Wednesday, February 8, 2023

University of Puerto Rico president at loggerheads with fiscal board over cuts

By on May 13, 2019

(CB file photo)

Haddock warns more cuts threaten quality of education; board says it isn’t asking for new measures

SAN JUAN – The president of the University of Puerto Rico (UPR), Dr. Jorge Haddock, rejected spending cuts he said were included by the island’s Financial Oversight and Management Board in the institution’s fiscal plan. Haddock’s remarks come 13 days after the board notified that the university’s fiscal plan was not in compliance.

The UPR’s draft fiscal plan, delivered April 5, includes a $444.4 million government subsidy reduction by fiscal year 2023, as well as maintaining tuition hikes, reducing enrollment exemptions and the proposal of conglomerates to group the Aguadilla, Arecibo, Bayamón, Carolina, Cayey, Humacao, Ponce and Utuado campuses.

However, the fiscal board notified the UPR that those measures still do not meet the fiscal goals the panel wants to establish for the UPR.

“We reject these new demands. The UPR has been very responsible, substantial adjustments have been made with sensitivity to avoid the impact to our students and staff. We have arrived at the requested savings without dismissing employees, without closing campuses and without eliminating benefits as they initially demanded. Imposing new measures could disrupt the quality of education and we will not allow that,” Haddock said in a statement.

In a statement issued later Monday, the Financial Oversight and Management Board for Puerto Rico said it has not asked the university “for fiscal measures, expenditures or additional income to those that had been included in the Fiscal Plan of the UPR, as certified by the Oversight Board last October.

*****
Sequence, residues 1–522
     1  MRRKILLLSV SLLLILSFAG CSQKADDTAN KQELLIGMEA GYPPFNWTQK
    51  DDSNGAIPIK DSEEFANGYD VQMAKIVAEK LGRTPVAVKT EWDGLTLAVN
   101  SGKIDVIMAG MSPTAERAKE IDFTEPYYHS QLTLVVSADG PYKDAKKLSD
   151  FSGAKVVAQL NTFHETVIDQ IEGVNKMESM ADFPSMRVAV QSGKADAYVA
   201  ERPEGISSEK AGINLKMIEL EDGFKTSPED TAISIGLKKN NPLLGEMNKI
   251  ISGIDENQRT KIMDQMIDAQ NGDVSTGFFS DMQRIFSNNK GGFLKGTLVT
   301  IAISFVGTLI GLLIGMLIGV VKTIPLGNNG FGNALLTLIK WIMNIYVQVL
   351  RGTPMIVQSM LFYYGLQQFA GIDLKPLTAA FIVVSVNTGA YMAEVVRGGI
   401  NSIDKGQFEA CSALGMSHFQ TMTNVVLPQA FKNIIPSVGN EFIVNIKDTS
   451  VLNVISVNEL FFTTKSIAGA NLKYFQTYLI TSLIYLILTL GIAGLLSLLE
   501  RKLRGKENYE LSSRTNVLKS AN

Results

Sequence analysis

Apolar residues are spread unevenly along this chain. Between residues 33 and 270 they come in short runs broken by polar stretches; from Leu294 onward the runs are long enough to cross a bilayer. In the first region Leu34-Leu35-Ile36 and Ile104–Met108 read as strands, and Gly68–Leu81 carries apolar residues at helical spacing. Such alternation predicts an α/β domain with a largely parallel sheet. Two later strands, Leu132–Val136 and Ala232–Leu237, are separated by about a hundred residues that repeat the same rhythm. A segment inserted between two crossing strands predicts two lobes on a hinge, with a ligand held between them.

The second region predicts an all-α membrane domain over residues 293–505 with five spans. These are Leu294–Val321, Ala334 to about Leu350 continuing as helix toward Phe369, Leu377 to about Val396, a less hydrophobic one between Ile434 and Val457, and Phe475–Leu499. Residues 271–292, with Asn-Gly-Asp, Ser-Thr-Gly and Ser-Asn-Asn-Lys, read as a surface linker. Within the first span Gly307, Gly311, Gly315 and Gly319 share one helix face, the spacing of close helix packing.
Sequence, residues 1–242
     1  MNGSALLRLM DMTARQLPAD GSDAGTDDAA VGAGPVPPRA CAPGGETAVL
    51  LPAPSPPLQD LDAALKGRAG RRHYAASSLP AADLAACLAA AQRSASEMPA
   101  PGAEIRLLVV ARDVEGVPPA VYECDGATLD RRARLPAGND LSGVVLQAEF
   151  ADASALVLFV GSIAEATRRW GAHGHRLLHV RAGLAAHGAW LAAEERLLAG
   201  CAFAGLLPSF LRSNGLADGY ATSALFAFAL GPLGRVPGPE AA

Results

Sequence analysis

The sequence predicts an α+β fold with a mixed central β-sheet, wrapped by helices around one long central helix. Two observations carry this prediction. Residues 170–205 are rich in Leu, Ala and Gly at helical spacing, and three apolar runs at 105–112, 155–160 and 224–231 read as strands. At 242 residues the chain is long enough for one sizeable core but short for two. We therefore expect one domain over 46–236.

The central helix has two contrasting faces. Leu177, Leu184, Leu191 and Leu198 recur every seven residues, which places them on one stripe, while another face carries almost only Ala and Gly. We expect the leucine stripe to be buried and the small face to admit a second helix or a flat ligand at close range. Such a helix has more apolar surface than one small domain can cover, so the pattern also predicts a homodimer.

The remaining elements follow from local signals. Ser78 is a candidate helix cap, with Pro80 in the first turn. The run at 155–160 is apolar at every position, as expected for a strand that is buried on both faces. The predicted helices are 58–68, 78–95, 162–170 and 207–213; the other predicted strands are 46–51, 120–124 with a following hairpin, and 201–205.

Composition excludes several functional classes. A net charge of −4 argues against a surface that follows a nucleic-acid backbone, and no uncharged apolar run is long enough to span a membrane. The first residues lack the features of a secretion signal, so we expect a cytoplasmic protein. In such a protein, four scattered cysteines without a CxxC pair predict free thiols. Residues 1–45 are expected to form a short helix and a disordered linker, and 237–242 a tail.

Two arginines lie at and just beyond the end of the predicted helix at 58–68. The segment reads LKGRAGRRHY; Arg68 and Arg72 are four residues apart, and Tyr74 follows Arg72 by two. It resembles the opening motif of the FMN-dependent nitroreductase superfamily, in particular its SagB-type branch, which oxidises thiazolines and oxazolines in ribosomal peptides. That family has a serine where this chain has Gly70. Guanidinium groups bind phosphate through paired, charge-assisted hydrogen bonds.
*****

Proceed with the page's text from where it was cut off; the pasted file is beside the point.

“The review process has to do strictly with updating information and reflecting the progress of the implementation measures.”

The board said it seeks, “for example…updated figures regarding students enrolled, as well as recent information about the next increases in the cost of enrollment.”

The board stressed that “the review process of the UPR’s fiscal plan seeks that said plan be aligned with the Certified 2019 Fiscal Plan of the Government of Puerto Rico.”

In the case of tuition exemptions, the fiscal board indicated that the proposal is still not consistent with its standards, particularly in the areas of exemptions for employees or children of employees and athletes, for whom it recommended eliminating exemptions entirely.

Likewise, despite not agreeing on the final reduction, both the fiscal board and the university administration point to the scholarship programs to mitigate the tuition increases for students excluded from the exemption programs.

“A scholarship program was implemented to guarantee access to all students who qualify for their academic merits,” Haddock said.

Another issue of discord is tuition. The university’s administration kept the same pace of tuition increases as in the previous fiscal plan, which provided $54 million for the current fiscal year, and scaled up to $91 million for fiscal 2024. In the case of graduate students, the tuition adjustments ranged from $7.9 million for the current fiscal year to $16.4 million for 2024.

The draft fiscal plan also indicated that the increase in graduate-level enrollment could not be increased to the levels that the fiscal board was asking due to the high cost of fees and other charges. Despite the argument established in the university administration’s draft, the fiscal board is requesting a 1.5% increase to graduate enrollment.

Finally, regarding campus consolidations, the fiscal board requested more information. In the meetings of the UPR Governing Board in which the issue of the conglomerates has been discussed, the president of the UPR has indicated that the proposal is not complete.

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